snake study published to date. Of note, 35% of the patients from that

study that received antivenin developed a drug reaction, including one

with anaphylaxis. Only 11% of our patients had an adverse drug reaction to the antivenin. This low rate is probably due to the frequency that

steroids and antihistamines were administered prophylactically before

the antivenin.

This study contradicts some findings from other studies of the

Eastern coral snake. These studies state that most Eastern coral snakes

hang on to their victims for several seconds. (5,6) Although this factor

was not well recorded in our study, more than half of the patients who

noted the bite characteristic stated the snake let go of the skin

immediately. Apparently, these snakes can inject enough venom with a

quick strike to cause a moderate local reaction. Our patients were older

than those of previous studies. (5,6) Several authors report the death

rate for coral snakebites that do not receive antivenin is 10 to 20%.

(2,4,5) This seems extremely unlikely for victims of Texas coral

snakebites since none of our 37 patients who did not receive antivenin

developed any systemic findings. Neurologic findings are common with the

Eastern coral snake. (3,5,6,9,10) None of the Texas coral snakebite

victims developed neurologic findings other than paresthesias.

Respiratory paralysis requiring mechanical ventilation occurs in some

patients bitten by the Eastern coral snake. (6,9,10) This has not been

recorded with the Texas coral snake. Some authors have suggested that

over 20% of Eastern coral snakebites are "dry bites" causing

no envenomation to the victim. (6,13) However, only about 6 to 13% of

victims of Texas coral snakes have dry bites, depending on the

definition used. We found a much higher fraction of patients with local

pain and swelling than have been reported for the Eastern coral snake.

(2-8) Others have stated that all coral snake victims should be

hospitalized for 48 hours, and none should receive morphine. (5,6) About

70% of our patients were discharged from the hospital within 24 hours of

the bite, and 15.9% received opioids for pain.

Our study verifies many concepts pertaining to Texas coral

snakebites. These bites produce less severe effects than bites from the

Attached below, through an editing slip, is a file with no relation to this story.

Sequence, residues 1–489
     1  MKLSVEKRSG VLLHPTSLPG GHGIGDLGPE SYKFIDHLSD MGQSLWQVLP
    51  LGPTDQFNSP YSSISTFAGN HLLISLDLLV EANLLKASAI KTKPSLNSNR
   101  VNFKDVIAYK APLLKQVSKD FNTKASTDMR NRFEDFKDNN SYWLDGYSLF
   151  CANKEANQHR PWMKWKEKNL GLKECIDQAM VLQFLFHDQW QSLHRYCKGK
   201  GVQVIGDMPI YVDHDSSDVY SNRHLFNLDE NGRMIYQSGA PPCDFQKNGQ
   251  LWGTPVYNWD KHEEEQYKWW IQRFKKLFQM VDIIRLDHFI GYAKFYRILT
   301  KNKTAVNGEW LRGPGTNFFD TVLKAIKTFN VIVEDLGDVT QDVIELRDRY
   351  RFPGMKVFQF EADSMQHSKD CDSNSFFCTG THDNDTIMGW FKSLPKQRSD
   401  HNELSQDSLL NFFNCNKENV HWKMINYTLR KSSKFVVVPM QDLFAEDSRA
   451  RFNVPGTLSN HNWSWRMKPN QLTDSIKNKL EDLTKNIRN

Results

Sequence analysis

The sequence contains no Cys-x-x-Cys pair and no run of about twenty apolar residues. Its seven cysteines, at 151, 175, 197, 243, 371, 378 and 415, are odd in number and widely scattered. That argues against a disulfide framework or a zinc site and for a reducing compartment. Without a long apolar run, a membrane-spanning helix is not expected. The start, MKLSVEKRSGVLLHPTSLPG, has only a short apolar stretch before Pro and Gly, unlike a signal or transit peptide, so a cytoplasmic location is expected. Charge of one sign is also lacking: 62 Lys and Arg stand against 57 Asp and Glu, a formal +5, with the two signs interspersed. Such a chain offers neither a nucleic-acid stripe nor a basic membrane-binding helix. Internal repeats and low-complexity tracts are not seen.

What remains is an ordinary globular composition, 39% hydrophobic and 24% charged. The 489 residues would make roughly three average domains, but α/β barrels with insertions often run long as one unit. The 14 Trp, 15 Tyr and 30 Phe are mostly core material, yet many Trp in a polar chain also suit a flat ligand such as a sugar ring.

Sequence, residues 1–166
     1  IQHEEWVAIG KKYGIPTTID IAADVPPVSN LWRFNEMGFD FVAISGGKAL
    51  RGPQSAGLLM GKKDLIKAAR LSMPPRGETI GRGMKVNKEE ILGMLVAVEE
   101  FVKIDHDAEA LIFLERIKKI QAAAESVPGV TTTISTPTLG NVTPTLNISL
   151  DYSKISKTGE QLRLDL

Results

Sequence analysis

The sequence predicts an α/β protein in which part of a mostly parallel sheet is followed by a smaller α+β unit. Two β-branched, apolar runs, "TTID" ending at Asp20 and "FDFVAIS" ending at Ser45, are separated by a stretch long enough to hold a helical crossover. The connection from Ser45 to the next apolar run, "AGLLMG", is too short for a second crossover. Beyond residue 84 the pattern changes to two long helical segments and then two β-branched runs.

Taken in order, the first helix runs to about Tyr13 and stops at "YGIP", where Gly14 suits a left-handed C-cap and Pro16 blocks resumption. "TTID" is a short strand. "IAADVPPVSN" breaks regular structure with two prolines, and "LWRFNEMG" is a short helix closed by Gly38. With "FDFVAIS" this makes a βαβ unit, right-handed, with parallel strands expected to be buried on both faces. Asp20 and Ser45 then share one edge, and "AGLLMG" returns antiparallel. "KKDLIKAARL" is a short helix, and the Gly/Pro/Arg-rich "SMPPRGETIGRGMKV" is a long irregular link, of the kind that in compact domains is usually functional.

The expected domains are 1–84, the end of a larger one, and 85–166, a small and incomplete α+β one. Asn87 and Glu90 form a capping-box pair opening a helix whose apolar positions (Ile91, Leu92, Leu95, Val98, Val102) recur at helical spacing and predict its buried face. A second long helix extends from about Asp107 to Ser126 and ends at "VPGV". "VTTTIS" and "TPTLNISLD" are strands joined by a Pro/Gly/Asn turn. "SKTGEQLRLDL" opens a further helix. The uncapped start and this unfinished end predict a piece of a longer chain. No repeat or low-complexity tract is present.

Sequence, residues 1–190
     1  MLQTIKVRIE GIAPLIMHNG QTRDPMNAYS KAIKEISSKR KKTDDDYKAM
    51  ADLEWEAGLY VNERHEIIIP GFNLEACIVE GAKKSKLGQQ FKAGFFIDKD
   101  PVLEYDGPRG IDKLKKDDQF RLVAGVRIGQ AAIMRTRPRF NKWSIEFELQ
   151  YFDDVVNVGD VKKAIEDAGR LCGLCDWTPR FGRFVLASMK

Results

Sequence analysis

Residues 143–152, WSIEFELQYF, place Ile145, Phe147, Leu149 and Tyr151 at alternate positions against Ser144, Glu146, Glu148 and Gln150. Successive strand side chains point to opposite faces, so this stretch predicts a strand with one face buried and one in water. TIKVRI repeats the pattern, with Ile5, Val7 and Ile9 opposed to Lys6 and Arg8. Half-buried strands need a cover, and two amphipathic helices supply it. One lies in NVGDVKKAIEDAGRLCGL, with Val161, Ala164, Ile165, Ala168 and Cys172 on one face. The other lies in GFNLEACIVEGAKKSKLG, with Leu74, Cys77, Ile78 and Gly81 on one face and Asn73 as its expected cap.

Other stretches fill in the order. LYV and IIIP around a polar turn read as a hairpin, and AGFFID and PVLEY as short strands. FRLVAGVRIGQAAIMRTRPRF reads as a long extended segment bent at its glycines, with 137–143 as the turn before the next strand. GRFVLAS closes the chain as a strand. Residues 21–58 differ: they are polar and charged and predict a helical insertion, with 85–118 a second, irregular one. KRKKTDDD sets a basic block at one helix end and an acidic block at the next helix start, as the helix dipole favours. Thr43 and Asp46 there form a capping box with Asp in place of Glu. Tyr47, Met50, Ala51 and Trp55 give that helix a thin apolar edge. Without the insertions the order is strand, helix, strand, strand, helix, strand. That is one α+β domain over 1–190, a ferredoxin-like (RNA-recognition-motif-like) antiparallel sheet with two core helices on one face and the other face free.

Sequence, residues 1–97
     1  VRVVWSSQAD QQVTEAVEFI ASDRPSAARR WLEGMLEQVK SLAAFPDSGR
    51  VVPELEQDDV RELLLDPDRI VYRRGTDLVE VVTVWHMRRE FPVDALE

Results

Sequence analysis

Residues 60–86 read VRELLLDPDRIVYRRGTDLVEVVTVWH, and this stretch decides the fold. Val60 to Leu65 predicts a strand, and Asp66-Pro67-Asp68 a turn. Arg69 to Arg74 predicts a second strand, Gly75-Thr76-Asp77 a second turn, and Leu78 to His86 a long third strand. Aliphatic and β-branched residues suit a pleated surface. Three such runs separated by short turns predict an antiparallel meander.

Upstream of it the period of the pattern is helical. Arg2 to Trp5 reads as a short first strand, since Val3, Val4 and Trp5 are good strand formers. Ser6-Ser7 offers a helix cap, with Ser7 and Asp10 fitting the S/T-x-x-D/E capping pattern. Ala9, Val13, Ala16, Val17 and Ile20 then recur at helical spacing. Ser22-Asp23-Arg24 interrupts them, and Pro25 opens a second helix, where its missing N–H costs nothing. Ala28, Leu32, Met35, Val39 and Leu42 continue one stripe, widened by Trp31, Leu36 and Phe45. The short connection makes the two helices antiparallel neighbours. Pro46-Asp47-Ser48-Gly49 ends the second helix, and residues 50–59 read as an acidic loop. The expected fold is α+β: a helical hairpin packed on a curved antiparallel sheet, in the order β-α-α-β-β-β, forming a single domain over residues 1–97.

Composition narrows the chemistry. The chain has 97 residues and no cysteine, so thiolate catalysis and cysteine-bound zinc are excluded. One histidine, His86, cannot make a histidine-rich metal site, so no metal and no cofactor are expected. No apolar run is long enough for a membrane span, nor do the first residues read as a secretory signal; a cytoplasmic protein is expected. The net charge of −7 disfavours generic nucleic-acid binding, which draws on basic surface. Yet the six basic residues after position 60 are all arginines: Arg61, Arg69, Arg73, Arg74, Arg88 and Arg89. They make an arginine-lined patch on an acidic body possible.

Eastern coral snake. (5) They seldom, if ever, cause death or paralysis.

(5) Our study contradicts many previous beliefs about Texas coral

snakes. Texas coral snakes frequently do not chew or hang on when they

bite. However, they may envenomate without chewing. Frequently, there

are local minor signs and symptoms (pain, swelling, erythema, or

paresthesias). These rarely may be more than minor, but the pain and

swelling resolves within 24 hours. The paresthesias may last for weeks.

Bites from Texas coral snakes do not produce severe systemic symptoms,

even without the administration of antivenin, and antivenin is not

needed for every bite.

This retrospective study of patients reported to Texas poison

centers has several limitations. Not all coral snakebites in Texas were

reported to the Texas poison centers. Victims who did not seek medical

care may not have called the local poison center. In addition, treating

physicians may not have called the poison center, allowing that some

patients with serious envenomations not be included in this study.

However, this is the largest study of North American coral snakebites,

and the findings should remain valid, even if additional patients are

later found. Since this study was retrospective, only the data collected

for routine poison center use was reviewed. If the data was not

reported, collected or recorded accurately or completely, the results

could be invalid. Only 22 of the snakes involved were positively

identified as coral snakes by the study's criteria. Some bites

could have been from snakes other than the Texas coral snake. The

scarlet king snake (Lampropeltis triangulum elap-soides), which looks

similar to the coral snake ("Red on Black, Venom Lack" and has

a red snout), is nonvenomous. However, since none of the victims had a

serious systemic effect, the removal of a few patients bitten by

nonvenomous snakes would not affect the major results. Some of the

snakes could have been other venomous pet snakes such as a different

species of Micrurus (Eastern coral snake or Mexican coral snake). Since

these are thought to have more serious effects than the Texas coral

snake, this limitation should not affect the major results. The major

limitation of the study is the fact that over half of the patients

received antivenin. This was not done randomly, and the patients that

received the antivenin were likely more poisoned than those who did not

receive it. The administration of the antivenin may have prevented

serious progression of the effects of the venom in this group. But it